We believe that through those programmes communities will begin to be able to harvest water. As I have spoken about Brandwag, in every household we have installed a 2 500 litres of water tank and they are about 200 to ensure that all used water for washing is harvested so that in terms in drought we are able to be proud of the fact that, that water is reused for irrigation.

As I have also spoken about the fact we are now giving out fish species to our coastal areas. The aim is to make sure that they are trained thoroughly in terms of running co-


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operatives, particularly in management. It will be through these programmes that will be assisting our provinces and we can account for every cent we deploy.

The availability of the seed resistant cultivar of maize so that even in drought conditions production of food will not be compromised. It is participating with people and inviting business people to ensure that our people are well trained.
Everybody can produce food provided such means are provided. [Time expired.] [Applause.]

The DEPUTY SPEAKER: Before hon Cebekhulu, hon Capa and hon Matlala, both of you are in the House. Hon Matlala, I am talking to you and hon Capa.


Ayenziwa lento eniyenzile.


Le se ke la hlola le e pheta ntho eo le e entseng.



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You are both in the House and it should never have happened here. Do not do that next time.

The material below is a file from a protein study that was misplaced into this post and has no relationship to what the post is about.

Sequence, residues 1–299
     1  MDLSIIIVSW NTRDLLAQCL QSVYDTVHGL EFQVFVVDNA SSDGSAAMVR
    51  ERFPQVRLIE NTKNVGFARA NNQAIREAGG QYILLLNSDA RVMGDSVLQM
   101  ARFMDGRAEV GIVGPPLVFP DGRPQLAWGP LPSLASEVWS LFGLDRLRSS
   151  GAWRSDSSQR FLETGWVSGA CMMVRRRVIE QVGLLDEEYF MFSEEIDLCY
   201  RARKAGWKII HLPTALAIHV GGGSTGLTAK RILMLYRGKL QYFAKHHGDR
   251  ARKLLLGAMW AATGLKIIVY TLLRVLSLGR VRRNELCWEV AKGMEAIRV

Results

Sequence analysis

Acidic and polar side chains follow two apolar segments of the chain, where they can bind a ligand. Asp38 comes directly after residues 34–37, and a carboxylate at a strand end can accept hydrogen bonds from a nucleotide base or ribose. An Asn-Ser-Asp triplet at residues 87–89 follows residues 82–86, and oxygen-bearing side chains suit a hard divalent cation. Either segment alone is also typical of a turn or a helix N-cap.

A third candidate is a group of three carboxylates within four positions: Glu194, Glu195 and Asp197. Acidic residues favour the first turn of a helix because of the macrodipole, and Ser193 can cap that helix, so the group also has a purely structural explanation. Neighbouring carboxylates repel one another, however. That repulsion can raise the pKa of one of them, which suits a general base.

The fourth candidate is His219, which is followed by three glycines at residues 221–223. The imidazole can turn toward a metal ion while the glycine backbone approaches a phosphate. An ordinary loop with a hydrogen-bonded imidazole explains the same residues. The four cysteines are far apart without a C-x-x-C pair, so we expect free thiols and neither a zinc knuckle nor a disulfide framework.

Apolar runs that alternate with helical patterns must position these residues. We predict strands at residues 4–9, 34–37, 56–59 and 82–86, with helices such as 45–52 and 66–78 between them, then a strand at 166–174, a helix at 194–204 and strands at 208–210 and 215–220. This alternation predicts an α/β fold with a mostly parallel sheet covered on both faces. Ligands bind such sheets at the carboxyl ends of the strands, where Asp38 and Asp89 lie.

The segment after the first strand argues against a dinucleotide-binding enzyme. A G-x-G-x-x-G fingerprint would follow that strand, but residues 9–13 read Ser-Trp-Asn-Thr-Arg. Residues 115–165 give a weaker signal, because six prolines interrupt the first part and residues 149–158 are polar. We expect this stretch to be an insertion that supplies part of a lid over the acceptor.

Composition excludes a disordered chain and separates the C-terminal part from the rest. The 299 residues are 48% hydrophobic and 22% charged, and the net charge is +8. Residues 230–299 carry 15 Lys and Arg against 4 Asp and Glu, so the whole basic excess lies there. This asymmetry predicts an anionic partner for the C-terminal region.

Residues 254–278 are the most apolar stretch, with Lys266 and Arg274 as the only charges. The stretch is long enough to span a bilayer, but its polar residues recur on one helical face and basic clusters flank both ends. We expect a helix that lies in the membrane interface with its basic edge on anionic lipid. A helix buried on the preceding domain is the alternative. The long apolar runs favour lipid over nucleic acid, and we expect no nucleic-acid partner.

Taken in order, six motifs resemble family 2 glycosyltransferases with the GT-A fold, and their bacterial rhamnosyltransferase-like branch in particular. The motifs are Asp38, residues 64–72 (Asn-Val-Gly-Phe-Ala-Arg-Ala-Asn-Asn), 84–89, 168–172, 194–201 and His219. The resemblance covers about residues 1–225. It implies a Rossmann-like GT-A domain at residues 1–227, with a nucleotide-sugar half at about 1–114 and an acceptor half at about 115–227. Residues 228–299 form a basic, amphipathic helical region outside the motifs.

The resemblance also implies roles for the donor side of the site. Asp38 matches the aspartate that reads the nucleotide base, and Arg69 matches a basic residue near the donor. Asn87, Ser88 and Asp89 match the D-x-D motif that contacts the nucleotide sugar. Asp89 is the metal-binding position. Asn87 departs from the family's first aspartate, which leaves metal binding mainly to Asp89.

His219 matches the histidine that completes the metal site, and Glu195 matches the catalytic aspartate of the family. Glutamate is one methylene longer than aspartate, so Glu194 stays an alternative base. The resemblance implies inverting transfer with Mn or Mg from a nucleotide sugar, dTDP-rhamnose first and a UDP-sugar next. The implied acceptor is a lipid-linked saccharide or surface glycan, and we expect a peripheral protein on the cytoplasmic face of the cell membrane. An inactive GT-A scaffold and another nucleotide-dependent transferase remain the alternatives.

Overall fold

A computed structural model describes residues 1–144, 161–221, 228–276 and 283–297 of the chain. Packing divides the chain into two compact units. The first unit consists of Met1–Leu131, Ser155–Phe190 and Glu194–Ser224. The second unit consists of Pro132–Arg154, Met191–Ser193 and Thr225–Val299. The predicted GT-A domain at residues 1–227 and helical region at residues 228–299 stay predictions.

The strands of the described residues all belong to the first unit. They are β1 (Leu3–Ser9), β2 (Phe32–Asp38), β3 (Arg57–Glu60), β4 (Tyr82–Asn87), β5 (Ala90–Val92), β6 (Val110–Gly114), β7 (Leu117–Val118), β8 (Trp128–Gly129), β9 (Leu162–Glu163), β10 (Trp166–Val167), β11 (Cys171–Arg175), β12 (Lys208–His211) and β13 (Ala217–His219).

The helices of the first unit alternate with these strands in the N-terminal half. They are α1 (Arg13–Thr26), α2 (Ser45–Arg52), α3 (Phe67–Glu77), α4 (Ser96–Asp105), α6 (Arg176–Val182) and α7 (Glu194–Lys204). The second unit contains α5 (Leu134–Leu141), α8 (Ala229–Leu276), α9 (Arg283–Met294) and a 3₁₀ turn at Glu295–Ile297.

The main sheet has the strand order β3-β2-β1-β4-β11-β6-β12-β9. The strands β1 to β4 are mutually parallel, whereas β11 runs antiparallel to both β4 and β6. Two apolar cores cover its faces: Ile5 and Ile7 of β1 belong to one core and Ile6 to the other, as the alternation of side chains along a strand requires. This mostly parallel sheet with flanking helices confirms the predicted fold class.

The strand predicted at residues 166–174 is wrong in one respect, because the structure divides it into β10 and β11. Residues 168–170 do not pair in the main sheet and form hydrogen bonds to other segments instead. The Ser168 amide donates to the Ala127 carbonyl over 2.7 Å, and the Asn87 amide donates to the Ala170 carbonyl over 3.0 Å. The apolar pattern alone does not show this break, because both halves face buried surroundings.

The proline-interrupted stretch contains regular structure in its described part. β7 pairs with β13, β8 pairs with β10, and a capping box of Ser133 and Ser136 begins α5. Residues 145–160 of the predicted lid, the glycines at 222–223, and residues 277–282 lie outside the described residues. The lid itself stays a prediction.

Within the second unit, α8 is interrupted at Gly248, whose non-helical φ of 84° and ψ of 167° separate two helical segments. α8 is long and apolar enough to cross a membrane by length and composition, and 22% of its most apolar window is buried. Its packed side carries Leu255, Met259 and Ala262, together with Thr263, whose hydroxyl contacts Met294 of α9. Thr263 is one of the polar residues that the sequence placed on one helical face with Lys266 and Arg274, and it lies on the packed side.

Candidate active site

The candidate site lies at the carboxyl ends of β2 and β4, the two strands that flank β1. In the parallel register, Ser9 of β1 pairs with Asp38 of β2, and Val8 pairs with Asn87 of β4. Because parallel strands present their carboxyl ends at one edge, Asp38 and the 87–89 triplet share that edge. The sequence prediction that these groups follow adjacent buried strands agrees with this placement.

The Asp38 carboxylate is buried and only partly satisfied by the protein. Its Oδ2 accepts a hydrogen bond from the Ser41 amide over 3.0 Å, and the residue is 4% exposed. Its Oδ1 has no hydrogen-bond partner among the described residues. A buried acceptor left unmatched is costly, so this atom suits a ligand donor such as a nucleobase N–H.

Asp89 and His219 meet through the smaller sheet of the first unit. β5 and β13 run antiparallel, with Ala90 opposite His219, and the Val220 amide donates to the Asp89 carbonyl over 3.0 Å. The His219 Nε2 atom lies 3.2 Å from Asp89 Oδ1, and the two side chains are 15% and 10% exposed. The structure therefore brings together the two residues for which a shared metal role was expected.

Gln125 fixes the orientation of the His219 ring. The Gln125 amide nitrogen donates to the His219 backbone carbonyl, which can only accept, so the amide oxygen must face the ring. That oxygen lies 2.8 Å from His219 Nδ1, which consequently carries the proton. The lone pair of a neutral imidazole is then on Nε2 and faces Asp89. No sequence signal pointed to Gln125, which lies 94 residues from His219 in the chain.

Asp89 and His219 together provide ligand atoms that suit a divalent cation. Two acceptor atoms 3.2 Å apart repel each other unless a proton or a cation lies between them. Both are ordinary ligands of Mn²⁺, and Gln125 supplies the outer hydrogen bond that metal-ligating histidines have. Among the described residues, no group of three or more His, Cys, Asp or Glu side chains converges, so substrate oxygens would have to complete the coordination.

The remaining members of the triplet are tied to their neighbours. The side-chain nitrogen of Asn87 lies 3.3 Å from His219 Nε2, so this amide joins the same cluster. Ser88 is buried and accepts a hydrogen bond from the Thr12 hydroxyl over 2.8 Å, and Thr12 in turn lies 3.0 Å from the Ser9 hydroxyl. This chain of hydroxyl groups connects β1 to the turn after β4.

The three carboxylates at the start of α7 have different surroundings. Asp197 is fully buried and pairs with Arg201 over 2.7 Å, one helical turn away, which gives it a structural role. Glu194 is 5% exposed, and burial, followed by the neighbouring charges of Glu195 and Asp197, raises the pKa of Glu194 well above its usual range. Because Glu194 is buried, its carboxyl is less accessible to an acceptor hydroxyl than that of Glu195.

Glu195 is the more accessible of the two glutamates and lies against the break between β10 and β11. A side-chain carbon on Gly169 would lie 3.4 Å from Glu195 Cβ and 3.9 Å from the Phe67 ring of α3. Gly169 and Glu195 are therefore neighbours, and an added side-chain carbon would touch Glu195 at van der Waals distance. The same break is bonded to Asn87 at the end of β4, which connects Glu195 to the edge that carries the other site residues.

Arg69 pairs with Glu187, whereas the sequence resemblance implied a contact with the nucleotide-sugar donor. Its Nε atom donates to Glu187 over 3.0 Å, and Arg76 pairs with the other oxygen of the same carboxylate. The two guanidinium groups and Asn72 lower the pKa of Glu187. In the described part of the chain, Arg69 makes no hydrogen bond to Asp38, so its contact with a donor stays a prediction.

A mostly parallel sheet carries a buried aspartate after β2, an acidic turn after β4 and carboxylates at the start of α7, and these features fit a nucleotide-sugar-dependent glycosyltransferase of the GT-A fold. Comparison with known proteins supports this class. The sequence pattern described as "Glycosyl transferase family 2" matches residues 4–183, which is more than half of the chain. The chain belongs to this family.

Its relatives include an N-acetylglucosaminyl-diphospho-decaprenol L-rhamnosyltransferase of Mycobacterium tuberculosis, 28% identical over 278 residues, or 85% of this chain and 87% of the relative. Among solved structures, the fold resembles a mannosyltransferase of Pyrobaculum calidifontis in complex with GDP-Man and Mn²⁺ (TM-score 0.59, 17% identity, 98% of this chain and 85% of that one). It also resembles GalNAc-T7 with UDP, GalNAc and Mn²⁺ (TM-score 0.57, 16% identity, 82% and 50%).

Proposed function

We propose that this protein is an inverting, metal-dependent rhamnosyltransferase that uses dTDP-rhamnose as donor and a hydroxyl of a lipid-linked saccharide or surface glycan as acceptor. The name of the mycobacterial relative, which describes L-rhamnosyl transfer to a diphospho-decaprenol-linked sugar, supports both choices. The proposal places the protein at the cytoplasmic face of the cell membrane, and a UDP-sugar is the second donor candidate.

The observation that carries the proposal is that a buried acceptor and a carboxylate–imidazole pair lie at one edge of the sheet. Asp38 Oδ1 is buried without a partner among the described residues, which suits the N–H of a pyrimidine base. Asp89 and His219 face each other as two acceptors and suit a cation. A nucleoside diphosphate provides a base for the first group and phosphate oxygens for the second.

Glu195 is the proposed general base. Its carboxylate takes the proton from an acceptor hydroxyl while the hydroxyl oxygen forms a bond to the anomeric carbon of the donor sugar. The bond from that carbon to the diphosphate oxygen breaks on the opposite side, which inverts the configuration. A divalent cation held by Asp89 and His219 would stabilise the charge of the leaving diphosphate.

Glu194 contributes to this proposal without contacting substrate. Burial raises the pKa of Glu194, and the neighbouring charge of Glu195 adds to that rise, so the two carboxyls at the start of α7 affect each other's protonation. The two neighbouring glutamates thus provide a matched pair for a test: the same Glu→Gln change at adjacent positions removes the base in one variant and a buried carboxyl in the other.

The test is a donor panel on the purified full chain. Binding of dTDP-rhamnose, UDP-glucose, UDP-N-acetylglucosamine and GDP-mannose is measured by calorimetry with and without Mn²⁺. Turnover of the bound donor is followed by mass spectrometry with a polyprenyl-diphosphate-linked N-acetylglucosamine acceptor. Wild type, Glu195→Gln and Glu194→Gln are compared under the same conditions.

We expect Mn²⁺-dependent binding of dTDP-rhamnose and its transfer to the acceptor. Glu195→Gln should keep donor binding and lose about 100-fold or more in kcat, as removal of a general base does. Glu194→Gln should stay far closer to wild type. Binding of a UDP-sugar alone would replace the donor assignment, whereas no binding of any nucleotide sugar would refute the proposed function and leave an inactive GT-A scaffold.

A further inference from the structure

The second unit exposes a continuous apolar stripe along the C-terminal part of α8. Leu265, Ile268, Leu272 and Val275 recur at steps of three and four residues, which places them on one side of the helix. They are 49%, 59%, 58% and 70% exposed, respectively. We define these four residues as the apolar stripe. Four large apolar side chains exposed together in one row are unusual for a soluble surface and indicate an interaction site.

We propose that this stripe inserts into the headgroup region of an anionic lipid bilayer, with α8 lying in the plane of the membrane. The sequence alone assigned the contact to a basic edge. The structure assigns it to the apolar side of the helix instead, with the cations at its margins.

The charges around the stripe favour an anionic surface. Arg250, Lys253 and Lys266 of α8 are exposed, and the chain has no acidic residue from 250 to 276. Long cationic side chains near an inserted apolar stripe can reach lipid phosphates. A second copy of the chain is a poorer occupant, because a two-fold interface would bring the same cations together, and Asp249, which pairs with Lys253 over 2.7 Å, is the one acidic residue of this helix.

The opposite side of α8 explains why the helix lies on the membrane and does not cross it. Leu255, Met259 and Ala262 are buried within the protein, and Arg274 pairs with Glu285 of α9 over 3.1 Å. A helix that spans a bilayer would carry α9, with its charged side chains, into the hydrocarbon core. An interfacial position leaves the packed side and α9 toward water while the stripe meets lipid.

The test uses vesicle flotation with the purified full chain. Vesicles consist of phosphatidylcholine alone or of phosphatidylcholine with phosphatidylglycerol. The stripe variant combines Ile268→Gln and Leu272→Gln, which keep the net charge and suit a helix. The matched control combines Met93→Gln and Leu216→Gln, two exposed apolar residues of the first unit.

Dr M Q NDLOZI: Hon Deputy Speaker, on a point of order: We like reprimand. You must tell us what they did because you are saying it out open in the House. Otherwise, it will be like we are agreeing to a reprimand we do not know that might be illegal. What did these two hon members do that you are reprimanding them for so, that we can agree and associate with the reprimand. Akere you are not alone here.

The DEPUTY SPEAKER: I am impressed that you accept reprimands, including those that might come your way. Usually the rules do not allow that a member represents one who is in the House, which is what happened here. They did not choose the decisions here. You often do that frequently in the House. The rules do not allow that to happen. We are reminding you. The member could have asked the question himself.

Inkosi R N CEBEKHULU: Hon Minister, why is it that this government is so intent on the use of Genetically Modified Organism, GMO maize which is used by 80% of our people as a